NIE - Newspapers in Education


What is NIE?

Newspapers in Education - or NIE for short - has been a key feature of the Mercury since the early 1980s, providing news and information to young readers and teachers.

In November 1995, NIE extended its service by establishing its own website. With the development of the Global Classroom, NIE is seen as a world-class leader in online development and delivery.


Why get involved with NIE in your school?

NIE is cooperative effort between a newspaper and its local schools, using the newspaper as a tool in the classroom. Under the NIE program, schools are provided with copies of the daily newspaper, usually at half price, for use in their classrooms or library.

NIE also offers a variety of curriculum materials and programs to help schools use the newspaper as a meaningful resource for student learning.

Each NIE program differs according to the needs of the local community. Newspapers are used as learning tools in all key learning areas and can be used at any age level, from infants to tertiary. These programs may also be included in adult education in areas such as adult literacy.

Research shows that students who take part in the NIE classroom program develop a more positive attitude towards the role of the media. Students have less trouble reading newspapers, leading towards more enjoyment gained from the daily reading of a newspaper. They are also more likely to develop interest in hard news and become involved in public affairs.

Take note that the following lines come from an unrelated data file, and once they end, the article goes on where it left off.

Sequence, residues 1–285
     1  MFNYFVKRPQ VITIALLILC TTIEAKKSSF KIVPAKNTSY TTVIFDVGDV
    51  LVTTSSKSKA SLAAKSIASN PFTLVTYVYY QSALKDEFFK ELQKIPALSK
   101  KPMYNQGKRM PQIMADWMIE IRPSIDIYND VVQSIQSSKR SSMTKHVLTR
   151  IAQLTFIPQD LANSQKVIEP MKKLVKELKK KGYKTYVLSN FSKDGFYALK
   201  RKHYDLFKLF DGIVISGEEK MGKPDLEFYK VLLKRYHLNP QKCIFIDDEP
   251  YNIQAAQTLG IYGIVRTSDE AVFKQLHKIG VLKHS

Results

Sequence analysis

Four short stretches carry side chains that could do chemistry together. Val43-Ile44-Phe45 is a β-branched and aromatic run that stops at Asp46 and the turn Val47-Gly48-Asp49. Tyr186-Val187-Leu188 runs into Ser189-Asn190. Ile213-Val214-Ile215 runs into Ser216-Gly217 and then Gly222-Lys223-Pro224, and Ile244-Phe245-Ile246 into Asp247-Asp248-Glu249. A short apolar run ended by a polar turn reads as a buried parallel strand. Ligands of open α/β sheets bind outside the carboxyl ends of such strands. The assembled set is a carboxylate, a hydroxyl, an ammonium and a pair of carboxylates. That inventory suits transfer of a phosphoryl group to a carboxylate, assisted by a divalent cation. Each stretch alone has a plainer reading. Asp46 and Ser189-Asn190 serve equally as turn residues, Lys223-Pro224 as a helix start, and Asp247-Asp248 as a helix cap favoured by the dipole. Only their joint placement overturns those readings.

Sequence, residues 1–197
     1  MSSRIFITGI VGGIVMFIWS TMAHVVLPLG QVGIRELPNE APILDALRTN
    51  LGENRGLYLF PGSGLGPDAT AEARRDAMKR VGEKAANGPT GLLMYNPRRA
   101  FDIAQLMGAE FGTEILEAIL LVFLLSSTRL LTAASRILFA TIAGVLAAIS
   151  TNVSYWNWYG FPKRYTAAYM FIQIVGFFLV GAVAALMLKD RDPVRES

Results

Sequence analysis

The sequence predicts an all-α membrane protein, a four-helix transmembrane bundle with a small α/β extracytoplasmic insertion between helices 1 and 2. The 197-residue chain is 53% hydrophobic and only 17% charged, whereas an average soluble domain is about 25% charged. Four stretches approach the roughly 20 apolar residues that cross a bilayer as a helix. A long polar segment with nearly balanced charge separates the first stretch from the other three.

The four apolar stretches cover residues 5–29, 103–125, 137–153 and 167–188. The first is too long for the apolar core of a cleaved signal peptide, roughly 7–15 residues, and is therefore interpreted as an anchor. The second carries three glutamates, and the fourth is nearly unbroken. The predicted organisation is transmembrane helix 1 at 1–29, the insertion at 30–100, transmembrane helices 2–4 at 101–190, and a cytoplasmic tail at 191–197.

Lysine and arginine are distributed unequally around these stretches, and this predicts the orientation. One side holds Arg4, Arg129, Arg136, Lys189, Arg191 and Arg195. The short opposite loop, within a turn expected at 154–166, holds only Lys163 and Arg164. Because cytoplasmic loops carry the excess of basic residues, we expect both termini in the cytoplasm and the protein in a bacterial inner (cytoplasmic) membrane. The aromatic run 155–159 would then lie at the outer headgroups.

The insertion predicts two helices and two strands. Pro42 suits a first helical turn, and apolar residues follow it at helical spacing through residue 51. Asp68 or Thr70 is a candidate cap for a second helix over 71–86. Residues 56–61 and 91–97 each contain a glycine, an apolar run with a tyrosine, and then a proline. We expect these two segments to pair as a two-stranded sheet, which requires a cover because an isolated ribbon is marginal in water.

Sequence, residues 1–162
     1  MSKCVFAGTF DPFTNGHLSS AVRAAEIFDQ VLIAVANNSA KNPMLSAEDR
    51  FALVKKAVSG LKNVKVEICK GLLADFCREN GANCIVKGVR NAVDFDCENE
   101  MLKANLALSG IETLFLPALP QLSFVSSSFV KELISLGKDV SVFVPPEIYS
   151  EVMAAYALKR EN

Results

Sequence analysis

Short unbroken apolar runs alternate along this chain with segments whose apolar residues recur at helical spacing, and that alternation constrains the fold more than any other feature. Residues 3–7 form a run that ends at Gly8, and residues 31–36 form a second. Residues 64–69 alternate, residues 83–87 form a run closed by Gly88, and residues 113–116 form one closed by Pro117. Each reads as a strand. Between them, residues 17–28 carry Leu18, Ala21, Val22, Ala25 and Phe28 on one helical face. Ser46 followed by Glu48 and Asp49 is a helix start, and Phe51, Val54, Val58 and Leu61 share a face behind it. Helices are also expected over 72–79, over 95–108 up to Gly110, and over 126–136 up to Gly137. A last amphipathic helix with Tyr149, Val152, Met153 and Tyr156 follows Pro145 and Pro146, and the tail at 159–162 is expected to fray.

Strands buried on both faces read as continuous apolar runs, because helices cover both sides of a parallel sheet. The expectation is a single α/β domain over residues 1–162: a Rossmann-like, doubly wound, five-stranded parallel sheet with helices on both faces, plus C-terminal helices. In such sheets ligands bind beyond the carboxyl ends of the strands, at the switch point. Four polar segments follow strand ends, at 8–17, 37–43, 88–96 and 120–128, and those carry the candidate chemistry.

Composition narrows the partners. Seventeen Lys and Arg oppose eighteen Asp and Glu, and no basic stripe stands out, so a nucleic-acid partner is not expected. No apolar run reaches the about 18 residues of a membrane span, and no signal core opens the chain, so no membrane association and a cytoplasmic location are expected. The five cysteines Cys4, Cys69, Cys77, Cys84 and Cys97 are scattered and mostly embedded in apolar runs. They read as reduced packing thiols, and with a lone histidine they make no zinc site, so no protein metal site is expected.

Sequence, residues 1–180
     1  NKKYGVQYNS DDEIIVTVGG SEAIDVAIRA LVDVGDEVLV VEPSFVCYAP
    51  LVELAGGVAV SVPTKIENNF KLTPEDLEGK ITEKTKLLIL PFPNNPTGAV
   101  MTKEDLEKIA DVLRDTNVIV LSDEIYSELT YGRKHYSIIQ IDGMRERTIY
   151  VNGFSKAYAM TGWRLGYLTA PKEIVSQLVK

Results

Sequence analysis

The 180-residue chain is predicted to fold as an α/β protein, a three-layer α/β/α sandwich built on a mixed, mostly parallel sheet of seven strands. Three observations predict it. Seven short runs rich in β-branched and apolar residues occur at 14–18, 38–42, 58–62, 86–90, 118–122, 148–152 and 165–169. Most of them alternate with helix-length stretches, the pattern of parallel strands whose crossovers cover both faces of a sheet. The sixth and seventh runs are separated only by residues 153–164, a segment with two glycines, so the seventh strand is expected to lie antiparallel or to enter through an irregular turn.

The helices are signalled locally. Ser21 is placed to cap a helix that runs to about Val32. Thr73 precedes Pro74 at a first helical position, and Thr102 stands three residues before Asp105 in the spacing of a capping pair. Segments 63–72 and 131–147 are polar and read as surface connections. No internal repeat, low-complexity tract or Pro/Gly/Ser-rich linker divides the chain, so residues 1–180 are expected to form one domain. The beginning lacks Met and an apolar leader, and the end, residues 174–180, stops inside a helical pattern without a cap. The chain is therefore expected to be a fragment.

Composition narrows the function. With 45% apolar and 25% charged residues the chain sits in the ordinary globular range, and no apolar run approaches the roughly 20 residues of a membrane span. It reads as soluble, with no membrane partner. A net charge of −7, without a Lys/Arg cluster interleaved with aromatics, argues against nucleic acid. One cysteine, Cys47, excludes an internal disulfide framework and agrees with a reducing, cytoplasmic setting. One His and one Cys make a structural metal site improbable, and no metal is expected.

History of NIE

Newspapers in Education started in the United States in the late 1950s. American newspaper publishers felt there would be a need to address future readers, anticipating the effect that the introduction of television would have on newspapers readership.

By the early 1970s NIE programs had started to spread throughout the US and around the world. Programs largely based on the American experience, started in newspapers, both metropolitan and provincial, in Australia and New Zealand in the 1970s.

The main aims of NIE

Newspapers operating NIE programs have had three broad aims:

  • To provide resources and assistance for teachers.
  • To develop a reading habit with students
  • To encourage readership of newspapers.

Schools throughout Tasmania now participate in the Mercury's special programs for schools, which include:


Class sets of Newspapers

Half Price copies of the Mercury can be ordered for your classroom or school library throughout the year, whether as a full-year subscription or special sets for a specific study period or program.   Click here to download a PDF copy of the order form.

Classroom Resource Kits

The Mercury regularly produces resource kits for use in the classroom. Go to our Resources Page for information on what kits are available now.

Learning Page

This is a weekly education page published every Tuesday during the school term. The page has been revamped to include general education features and school news briefs.

On the last Wednesday of each month, Learning publishes a colour feature with a focus on the educational aspects of a current key topic.

School Page

Started in May 1995, the pages are produced in Friday editions of the Mercury, involving students from upper primary, secondary and senior secondary schools. Schools are given the opportunity to produce their one school page, which includes writing the stories, taking the photographs, selling the advertising space, designing some of the artwork and generally marketing the project within their local community.

The Mercury’s education services section coordinates a program of classroom workshops from early in first term with the pages progressively produced and published throughout the year.